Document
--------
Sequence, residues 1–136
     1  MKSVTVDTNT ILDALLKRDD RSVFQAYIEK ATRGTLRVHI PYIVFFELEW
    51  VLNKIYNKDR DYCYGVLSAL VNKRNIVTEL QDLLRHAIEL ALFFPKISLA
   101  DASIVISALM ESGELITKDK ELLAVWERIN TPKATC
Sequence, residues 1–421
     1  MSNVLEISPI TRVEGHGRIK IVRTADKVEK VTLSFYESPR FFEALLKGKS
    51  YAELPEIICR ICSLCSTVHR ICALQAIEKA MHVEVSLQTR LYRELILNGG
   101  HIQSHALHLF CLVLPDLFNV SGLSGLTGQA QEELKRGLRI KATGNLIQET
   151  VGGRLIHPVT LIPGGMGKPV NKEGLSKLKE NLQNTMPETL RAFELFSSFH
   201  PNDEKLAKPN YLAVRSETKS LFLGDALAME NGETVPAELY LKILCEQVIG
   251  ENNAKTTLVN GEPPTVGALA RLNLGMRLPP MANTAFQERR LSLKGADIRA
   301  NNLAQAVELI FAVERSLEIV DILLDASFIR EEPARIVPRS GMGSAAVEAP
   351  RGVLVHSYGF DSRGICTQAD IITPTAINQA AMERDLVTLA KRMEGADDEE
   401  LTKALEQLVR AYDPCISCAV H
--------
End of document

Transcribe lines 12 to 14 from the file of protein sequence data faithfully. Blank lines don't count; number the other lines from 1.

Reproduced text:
   301  NNLAQAVELI FAVERSLEIV DILLDASFIR EEPARIVPRS GMGSAAVEAP
   351  RGVLVHSYGF DSRGICTQAD IITPTAINQA AMERDLVTLA KRMEGADDEE
   401  LTKALEQLVR AYDPCISCAV H